And so orders had already been issued across the land, putting the small regular military on alert, with most units already in the process of moving, and calling into service the reserves and any volunteers. This would take time – days, actually – but the forced wait would also provide them with time to determine exactly what was happening, where, by whom, and hopefully how to deal with it without giving into fear or being fooled any more by what was a skilled and gutsy enemy.

Anton, Pik, Reg, and Akiros, along with a few of their personal assistants, stood around the map and thought. Over the years Anton’s role as the face of the kingdom had led to him being increasingly recognized as the leader, too. The other kings, by their own agreement, were co-equal, but all of them knew that Anton was the one king of the Mistmarches, and that it would be one of his children that would ascend to the single throne, one day.

“Once we have an idea where the real threat lies, I need to be with that army,” Anton stated, saying what everyone else in the room knew. The figurehead of the realm needed to be with the main army to show the people that their leaders were taking the fight back to the enemy. And Anton was not just a figurehead, having demonstrated his skill as both a battlefield commander and strategic thinking years before.

“Agreed, m’lord,” answered Sir Akiros, who would be responsible for the civil defense forces of Misthaven, and would thus form the last line of defense for the city, and Tuskwater Castle.

Pik fidgeted a bit and cleared his throat, as was his wont when he was about to embark on serious discussion.

“Our ambassadors and operatives abroad have nothing on this – there are no declarations of war, nor cold shoulders. This does not appear to have originated in the River Kingdoms, nor from the north. Even Galt is quiet right now, for once. I believe that whoever is behind this must have been working among the tribes of the Dunsward, quietly organizing them.” He left the unspoken admission of this coming as a complete surprise unsaid. Peace had its price, and part of it came in the form of complacency. The barbarians of the Dunsward had been a pain the neck on the frontiers, but always in small groups. They stuck to their own lands and rarely were a problem. The untamed lands to the realm’s distant east were not a concern, and since there were no nations to which ambassadors could be sent, nor even much for operatives and spies to look after, the region had been ignored. It saved money. It saved effort and time. The border – the Tors of Levenies – would keep them at bay, and after all, they’d always kept to themselves. Pik had already gone through all this, and knew it was all rational – but his people were now dying, and his most important duty to the realm was to keep it informed of threats from abroad. He knew, at least in some way, that he’d failed.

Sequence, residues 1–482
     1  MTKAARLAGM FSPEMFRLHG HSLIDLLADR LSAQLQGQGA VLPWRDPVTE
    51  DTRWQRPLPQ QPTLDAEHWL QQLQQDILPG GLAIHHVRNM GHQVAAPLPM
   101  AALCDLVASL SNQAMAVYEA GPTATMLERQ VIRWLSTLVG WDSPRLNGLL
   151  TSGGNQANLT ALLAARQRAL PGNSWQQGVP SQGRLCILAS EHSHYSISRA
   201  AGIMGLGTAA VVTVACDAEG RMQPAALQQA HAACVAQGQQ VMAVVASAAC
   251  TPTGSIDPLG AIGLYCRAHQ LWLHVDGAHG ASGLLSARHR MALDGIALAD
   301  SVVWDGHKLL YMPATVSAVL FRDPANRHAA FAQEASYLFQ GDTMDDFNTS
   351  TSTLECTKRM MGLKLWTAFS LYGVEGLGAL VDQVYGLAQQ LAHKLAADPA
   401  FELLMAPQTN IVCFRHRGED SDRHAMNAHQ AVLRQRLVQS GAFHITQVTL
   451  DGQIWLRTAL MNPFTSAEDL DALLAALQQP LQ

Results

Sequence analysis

Reg had already provided his report on the status of the government’s response, the status of food and water storage here and there, and the overall state of the realm in regards to an invasion they neither wanted nor had expected. It was Anton’s turn to provide some clarity.

“When the rest of the Tuskwater Dragoons and the garrison from Myralanna arrive, I will lead them wherever the fight is,” Anton began. “Reg, you will run affairs of state in my absence with Pik’s assistance and, Pik,” he said, turning to the gnome, “we need our allies and enemies to know that we are on top of this problem and will solve it. I do not want any opportunists joining the fray.” To this Pik and Reg nodded.

His jaw tight and muscles tense, Anton worked hard to keep the rage out of his voice.

“To say that I am angry is an understatement. We have been good neighbors for a long time, even to our bad neighbors. We have treated those goat-humping savages with decency and have left them alone. I don’t care what or who has got them worked up in this lather. We are going to crush them and take their land, even if we don’t want it when we’re done with them. I’ll take it as a buffer to whatever else is out there, and a message to everyone else.”

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"All as I have foreseen..."
Behind the lines

‘I like what I see,’ the Prophet thought while listening to the Mosh leaders discuss their operations of the last few days and their plans for the next.

“You have all done well,” the Prophet said quietly, immediately drawing the attention of the large men sitting around the fire. The flames cast shadows wildly about the inside of the tent, and even though they were a loud bunch, the voice of their inspiration and motivating force behind the war somehow stood above the din.